A storm safari in Subtropical South America: proyecto RELAMPAGO

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  • 1 Department of Atmospheric Sciences, University of Illinois at Urbana-Champaign, Illinois, USA.
  • | 2 Centro de Investigaciones del Mar y la Atmósfera, CONICET-UBA. Departamento de Ciencias de la Atmósfera y los Océanos, UBA, UMI-IFAECI, CNRS-CONICET-UBA, Buenos Aires, Argentina.
  • | 3 Facultad de Matemática, Astronomía, Física y Computación, Universidad Nacional de Córdoba. Instituto de Física Enrique Gaviola, CONICET, Córdoba, Argentina.
  • | 4 Atmospheric Science Department, University of Alabama, Huntsville, Alabama, USA.
  • | 5 Colorado State University, Fort Collins, Colorado, USA.
  • | 6 Aerospace Engineering Sciences Department, University of Colorado Boulder, Boulder, Colorado, USA
  • | 7 National Center for Atmospheric Research, Boulder, Colorado, USA.
  • | 8 Servicio Meteorológico Nacional, Buenos Aires, Argentina
  • | 9 Comité Nacional de Investigaciones Científicas y Técnicas, Argentina.
  • | 10 Facultad de Ciencias Exactas, Físicas y Naturales, Universidad Nacional de Córdoba, Córdoba, Argentina.
  • | 11 Thunderbolt Global Analytics, Huntsville, AL, USA.
  • | 12 Center for Severe Weather Research, Boulder, Colorado, USA.
  • | 13 Department of Meteorology and Atmospheric Science, The Pennsylvania State University, University Park, Pennsylvania, USA.
  • | 14 NASA Marshall Space Flight Center Huntsville, Alabama, USA.
  • | 15 Pacific Northwest National Laboratory, Richland, Washington, USA.
  • | 16 Department of Atmospheric Sciences, University of Washington, Seattle, Washington, USA.
  • | 17 Universidade Federal de Santa Maria, Santa Maria, Brazil.
  • | 18 Department of Atmospheric and Oceanic Sciences, University of Wisconsin-Madison, Madison, WI, USA.
  • | 19 Instituto Nacional de Pesquisas Espaciais, São José dos Campos, Brazil
  • | 20 University of Utah, Salt Lake City, Utah, USA.
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Abstract

This article provides an overview of the experimental design, execution, education and public outreach, data collection, and initial scientific results from the Remote sensing of Electrification, Lightning, And Mesoscale/microscale Processes with Adaptive Ground Observations (RELAMPAGO) field campaign. RELAMPAGO was a major field campaign conducted in Córdoba and Mendoza provinces in Argentina, and western Rio Grande do Sul State in Brazil in 2018-2019 that involved more than 200 scientists and students from the US, Argentina, and Brazil. This campaign was motivated by the physical processes and societal impacts of deep convection that frequently initiates in this region, often along the complex terrain of the Sierras de Córdoba and Andes, and often grows rapidly upscale into dangerous storms that impact society. Observed storms during the experiment produced copious hail, intense flash flooding, extreme lightning flash rates and other unusual lightning phenomena, but few tornadoes. The 5 distinct scientific foci of RELAMPAGO: convection initiation, severe weather, upscale growth, hydrometeorology, and lightning and electrification are described, as are the deployment strategies to observe physical processes relevant to these foci. The campaign’s international cooperation, forecasting efforts, and mission planning strategies enabled a successful data collection effort. In addition, the legacy of RELAMPAGO in South America, including extensive multi-national education, public outreach, and social media data-gathering associated with the campaign, is summarized.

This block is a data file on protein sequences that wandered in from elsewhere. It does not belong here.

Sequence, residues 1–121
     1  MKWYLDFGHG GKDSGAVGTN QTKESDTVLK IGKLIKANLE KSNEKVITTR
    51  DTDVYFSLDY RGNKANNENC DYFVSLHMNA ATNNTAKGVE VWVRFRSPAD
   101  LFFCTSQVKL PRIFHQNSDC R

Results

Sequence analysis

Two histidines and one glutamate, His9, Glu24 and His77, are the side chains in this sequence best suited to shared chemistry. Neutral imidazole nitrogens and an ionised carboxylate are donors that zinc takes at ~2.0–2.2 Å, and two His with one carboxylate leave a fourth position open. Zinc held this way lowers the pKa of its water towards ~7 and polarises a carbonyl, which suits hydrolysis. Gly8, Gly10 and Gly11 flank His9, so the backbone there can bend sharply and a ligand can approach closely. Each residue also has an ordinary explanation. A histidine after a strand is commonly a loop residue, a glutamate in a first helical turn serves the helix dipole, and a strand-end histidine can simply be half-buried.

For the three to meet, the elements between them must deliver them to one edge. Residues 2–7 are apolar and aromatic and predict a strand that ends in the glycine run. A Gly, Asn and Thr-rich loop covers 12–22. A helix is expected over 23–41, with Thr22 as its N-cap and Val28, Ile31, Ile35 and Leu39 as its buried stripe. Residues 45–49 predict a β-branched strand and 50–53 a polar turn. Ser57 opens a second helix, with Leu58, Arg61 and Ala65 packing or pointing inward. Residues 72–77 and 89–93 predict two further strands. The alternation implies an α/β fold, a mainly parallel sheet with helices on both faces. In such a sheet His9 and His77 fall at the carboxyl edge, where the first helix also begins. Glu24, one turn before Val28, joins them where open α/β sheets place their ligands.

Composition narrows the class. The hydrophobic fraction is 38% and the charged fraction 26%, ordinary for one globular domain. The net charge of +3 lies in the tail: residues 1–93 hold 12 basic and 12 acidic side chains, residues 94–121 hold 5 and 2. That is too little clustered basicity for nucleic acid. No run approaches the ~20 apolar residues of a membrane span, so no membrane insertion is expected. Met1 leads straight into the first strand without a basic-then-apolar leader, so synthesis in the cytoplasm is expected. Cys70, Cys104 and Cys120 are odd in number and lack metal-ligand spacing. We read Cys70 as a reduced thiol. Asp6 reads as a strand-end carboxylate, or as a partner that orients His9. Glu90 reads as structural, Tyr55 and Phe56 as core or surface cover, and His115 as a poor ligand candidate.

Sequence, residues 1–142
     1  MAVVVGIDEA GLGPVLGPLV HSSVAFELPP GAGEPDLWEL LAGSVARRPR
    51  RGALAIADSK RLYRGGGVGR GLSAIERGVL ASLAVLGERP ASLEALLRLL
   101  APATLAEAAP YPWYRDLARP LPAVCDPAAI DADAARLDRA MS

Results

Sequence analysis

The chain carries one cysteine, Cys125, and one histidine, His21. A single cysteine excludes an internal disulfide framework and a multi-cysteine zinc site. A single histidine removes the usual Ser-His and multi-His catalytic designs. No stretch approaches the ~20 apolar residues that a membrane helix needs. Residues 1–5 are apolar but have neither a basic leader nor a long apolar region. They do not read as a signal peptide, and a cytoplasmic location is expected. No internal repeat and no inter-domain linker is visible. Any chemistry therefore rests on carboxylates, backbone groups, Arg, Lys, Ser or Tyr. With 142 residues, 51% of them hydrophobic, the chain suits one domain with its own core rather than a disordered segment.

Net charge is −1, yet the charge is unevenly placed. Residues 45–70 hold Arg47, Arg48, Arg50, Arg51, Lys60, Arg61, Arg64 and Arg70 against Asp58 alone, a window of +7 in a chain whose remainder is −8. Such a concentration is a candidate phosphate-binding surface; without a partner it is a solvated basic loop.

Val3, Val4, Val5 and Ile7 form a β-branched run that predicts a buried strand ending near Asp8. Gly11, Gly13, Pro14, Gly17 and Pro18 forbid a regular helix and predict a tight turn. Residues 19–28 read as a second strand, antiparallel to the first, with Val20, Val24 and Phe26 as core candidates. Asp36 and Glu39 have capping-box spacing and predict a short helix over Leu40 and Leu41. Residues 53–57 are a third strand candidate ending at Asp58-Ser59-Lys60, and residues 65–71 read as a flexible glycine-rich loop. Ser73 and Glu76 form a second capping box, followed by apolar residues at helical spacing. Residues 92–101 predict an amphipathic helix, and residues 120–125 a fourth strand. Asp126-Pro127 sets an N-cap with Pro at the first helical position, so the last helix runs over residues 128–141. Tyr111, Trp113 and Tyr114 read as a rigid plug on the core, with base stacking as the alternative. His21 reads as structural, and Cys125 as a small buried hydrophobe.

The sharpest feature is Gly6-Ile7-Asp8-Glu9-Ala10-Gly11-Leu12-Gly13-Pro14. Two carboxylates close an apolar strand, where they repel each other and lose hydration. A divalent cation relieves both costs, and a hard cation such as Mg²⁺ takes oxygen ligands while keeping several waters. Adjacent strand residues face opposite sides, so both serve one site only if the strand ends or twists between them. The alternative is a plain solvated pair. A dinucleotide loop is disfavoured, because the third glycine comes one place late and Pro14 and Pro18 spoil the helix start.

Corresponding author: Stephen W. Nesbitt, Department of Atmospheric Sciences, University of Illinois at Urbana-Champaign, 1301 W. Green St., Urbana, IL 61801 snesbitt@illinois.edu

Abstract

This article provides an overview of the experimental design, execution, education and public outreach, data collection, and initial scientific results from the Remote sensing of Electrification, Lightning, And Mesoscale/microscale Processes with Adaptive Ground Observations (RELAMPAGO) field campaign. RELAMPAGO was a major field campaign conducted in Córdoba and Mendoza provinces in Argentina, and western Rio Grande do Sul State in Brazil in 2018-2019 that involved more than 200 scientists and students from the US, Argentina, and Brazil. This campaign was motivated by the physical processes and societal impacts of deep convection that frequently initiates in this region, often along the complex terrain of the Sierras de Córdoba and Andes, and often grows rapidly upscale into dangerous storms that impact society. Observed storms during the experiment produced copious hail, intense flash flooding, extreme lightning flash rates and other unusual lightning phenomena, but few tornadoes. The 5 distinct scientific foci of RELAMPAGO: convection initiation, severe weather, upscale growth, hydrometeorology, and lightning and electrification are described, as are the deployment strategies to observe physical processes relevant to these foci. The campaign’s international cooperation, forecasting efforts, and mission planning strategies enabled a successful data collection effort. In addition, the legacy of RELAMPAGO in South America, including extensive multi-national education, public outreach, and social media data-gathering associated with the campaign, is summarized.

Corresponding author: Stephen W. Nesbitt, Department of Atmospheric Sciences, University of Illinois at Urbana-Champaign, 1301 W. Green St., Urbana, IL 61801 snesbitt@illinois.edu
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